Bank Loan Loss Provisions: A Reexamination of Capital Management, Earnings Management and Signaling Effects
Journal of Accounting & Economics, Vol 28, No 1, August 1999
Posted: 9 Jun 1999
This study documents evidence on the choice of loan loss provisions by bank managers. In particular, we reexamine three hypotheses investigated by prior studies. First, we examine whether the 1990 change in capital adequacy regulations affects the relation between capital and loan loss provisions. We find that the relation is less negative in the new regime consistent with a reduction in incentives to manage regulatory capital via loan loss provisions in the post 1990 capital regime.
Second, we find that there is no significant relation between earnings (before loan loss provisions) and loan loss provisions even in the new regime when the cost of smoothing via loan loss provisions is expected to be lower than in the old regime.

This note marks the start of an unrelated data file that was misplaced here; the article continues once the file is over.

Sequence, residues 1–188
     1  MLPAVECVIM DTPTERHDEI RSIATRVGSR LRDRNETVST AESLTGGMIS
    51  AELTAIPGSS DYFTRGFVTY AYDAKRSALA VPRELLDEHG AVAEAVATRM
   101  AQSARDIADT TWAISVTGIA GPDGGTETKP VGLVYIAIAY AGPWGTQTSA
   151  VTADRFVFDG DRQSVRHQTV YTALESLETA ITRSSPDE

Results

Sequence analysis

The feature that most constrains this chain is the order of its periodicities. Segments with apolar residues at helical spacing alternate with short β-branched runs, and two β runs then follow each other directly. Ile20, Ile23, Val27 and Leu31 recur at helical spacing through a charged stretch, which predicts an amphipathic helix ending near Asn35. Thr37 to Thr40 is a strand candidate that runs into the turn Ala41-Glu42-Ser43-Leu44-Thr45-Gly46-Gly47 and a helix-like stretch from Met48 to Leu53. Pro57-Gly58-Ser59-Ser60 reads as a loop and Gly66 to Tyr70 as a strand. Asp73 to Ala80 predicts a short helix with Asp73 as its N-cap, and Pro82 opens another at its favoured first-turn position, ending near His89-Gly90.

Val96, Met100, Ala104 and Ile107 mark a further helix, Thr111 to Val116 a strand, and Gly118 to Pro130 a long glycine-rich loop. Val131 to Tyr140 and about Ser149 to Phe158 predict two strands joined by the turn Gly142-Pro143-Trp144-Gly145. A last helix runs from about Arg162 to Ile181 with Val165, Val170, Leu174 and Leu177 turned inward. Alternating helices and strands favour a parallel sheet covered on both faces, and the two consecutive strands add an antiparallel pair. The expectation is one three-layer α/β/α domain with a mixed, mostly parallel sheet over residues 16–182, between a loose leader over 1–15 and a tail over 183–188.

Third, we reexamine the signaling hypothesis which implies a positive relation between loan loss provisions and future earnings changes. We find, contrary to the signaling hypothesis, that there is a negative relation between loan loss provisions and one-year ahead change in earnings. We also investigate whether bank stock returns are positively related to discretionary loan loss provisions as implied by the signaling hypothesis. We find that stock returns are negatively related to discretionary loan loss provisions. We conclude that evidence consistent with signaling documented in prior studies is likely to be specific to the period examined in those studies.
Note: This is a description and not the actual abstract.
JEL Classification: C23, G14, G36, M41
Suggested Citation: Suggested Citation